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Cablegate: Brazil's Fighter Competition - the Importance Of

VZCZCXRO7523
RR RUEHRG
DE RUEHBR #1373/01 2902054
ZNY CCCCC ZZH
R 162054Z OCT 08
FM AMEMBASSY BRASILIA
TO RUEHBR/AMEMBASSY BRASILIA
RUEHC/SECSTATE WASHDC 2689
RUEKJCS/SECDEF WASHDC
RHEHNSC/NSC WASHDC
RUCPDOC/DEPT OF COMMERCE WASHDC
INFO RUEHFR/AMEMBASSY PARIS 0462
RUEHSM/AMEMBASSY STOCKHOLM 0071
RUEHRG/AMCONSUL RECIFE 8600
RUEHRI/AMCONSUL RIO DE JANEIRO 6766
RUEHSO/AMCONSUL SAO PAULO 2938
RUEKJCS/JOINT STAFF WASHDC
RHMFISS/CDR USSOUTHCOM MIAMI FL

C O N F I D E N T I A L SECTION 01 OF 02 BRASILIA 001373

SIPDIS

STATE FOR WHA/BSC AND PM/RSAT, COMMERCE FOR ADVOCACY CENTER
AND MAC/ANN DRISCOLL

E.O. 12958: DECL: 10/10/2018
TAGS: BR PREL MARR ETTC
SUBJECT: BRAZIL'S FIGHTER COMPETITION - THE IMPORTANCE OF
TECH TRANSFER

REF: A. BRASILIA 1061
B. BRASILIA 847
C. BRASILIA 175

Classified By: AMBASADOR CLIFFROD SOBEL. REASON: 1.5(d)

1. (U) This is an action request -- see paragraph 8.

2. (C) SUMMARY. On September 29th, the Brazilian Air Force
(FAB) announced its three finalists for Brazil's next
generation fighter aircraft (FX2): the Boeing F18 Super
Hornet, the Dassault Rafale and the Saab Gripen. The winner
of the competition will become the backbone of Brazil's Air
Force for the next thirty years. Should Boeing get the sale,
it would provide us a key building block for a U.S.-Brazil
strategic partnership on defense issues. While the French
plane is widely viewed as the front runner, the relevant FAB
personnel maintain that the competition remains open. The
F18 has significant advantages of cost, technology and
partnership with the United States, but suffers from a
perception that U.S. technology transfer policies will
inhibit the sale. Rather than focus discussion with Brazil
on the bureaucratic procedures we must follow and what may or
may not be possible, our message should highlight that we are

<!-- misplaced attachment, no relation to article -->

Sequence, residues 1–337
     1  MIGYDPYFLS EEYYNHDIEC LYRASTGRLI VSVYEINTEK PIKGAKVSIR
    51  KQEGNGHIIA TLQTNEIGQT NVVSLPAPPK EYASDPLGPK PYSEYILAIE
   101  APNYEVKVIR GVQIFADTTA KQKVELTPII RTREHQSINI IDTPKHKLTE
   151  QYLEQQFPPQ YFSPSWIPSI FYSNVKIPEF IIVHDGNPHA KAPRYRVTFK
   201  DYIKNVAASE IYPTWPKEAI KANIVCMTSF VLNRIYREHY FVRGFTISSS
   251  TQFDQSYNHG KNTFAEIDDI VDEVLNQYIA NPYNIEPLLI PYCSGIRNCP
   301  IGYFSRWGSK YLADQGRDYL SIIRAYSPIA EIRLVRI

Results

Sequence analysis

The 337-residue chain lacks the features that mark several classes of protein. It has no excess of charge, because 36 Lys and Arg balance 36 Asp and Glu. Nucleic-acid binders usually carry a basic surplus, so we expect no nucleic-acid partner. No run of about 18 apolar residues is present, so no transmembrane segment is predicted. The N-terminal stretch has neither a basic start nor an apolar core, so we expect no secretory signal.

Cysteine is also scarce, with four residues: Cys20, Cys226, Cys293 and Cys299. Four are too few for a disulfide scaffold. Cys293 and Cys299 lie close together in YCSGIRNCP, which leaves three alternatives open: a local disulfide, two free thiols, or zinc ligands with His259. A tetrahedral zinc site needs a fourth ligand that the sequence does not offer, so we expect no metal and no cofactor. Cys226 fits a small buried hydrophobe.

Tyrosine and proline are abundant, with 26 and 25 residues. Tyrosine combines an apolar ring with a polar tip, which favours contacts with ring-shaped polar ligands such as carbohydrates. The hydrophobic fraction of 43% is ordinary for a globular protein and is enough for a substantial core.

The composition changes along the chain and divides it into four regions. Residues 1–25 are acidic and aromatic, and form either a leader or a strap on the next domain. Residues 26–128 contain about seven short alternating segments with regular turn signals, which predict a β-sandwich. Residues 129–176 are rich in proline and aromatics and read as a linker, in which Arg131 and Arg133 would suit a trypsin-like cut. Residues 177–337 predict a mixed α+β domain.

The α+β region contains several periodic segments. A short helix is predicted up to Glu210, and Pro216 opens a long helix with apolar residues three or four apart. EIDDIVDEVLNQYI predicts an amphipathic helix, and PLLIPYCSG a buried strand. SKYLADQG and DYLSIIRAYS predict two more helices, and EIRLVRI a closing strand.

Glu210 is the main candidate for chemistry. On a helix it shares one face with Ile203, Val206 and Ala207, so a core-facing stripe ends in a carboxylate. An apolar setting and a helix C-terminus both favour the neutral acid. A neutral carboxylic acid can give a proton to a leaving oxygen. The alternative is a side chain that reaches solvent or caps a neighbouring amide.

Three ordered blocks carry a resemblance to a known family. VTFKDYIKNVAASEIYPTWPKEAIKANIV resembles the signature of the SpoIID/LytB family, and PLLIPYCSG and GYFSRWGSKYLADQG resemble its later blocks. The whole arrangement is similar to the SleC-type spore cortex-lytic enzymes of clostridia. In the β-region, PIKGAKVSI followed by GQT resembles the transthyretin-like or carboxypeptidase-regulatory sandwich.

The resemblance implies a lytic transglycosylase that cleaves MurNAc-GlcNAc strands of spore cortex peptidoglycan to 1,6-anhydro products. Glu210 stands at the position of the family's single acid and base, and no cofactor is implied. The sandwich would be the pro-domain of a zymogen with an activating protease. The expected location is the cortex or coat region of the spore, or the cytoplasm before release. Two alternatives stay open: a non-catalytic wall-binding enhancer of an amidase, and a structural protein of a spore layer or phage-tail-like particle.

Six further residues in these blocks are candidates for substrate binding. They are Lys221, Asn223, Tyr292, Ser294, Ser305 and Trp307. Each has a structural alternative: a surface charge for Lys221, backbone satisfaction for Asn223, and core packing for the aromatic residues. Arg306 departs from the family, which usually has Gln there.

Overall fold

fully behind the Super Hornet sale and that the USG's record
of tech transfer to friendly countries such as Brazil is
extensive. By addressing the tech transfer concern both
privately and in the public and by providing confidence that
planes will be delivered should the FAB decide in Boeing's
favor, the USG can clear the major perceived obstacle to a
Boeing purchase and allow the Super Hornet's natural
advantages to speak for themselves. END SUMMARY.

3. (C) As noted in ref c, Brazil is undertaking a major
modernization of its armed forces, creating a critical
opportunity for the U.S. to enhance its partnership with
Brazil into one where Brazil can play a real role as a
regional power in promoting stability and democracy. The
purchase of a new primary fighter aircraft may be the most
important component of this process, both because of the
practical cooperation that a sharing of billions of dollars
of equipment and technology will bring and for the symbolic
value of treating Brazil as a valued U.S. partner by sharing
one of our most capable and advanced combat systems.
Purchase of U.S. planes would be a mutually beneficial
outcome. The United States gains a more capable,
interoperable partner. By selecting a U.S. aircraft, Brazil
would also be gaining access to support training both in the
use of advanced aircraft and in employment of high tech
fighters as part of integrated, net centric operations.

4. (C) Thus far, most public discussion in Brazil of the
possible Super Hornet purchase has not gone beyond a
repetition of the mantra that Washington does not transfer
technology. Most of the blame for the perceived anti-Brazil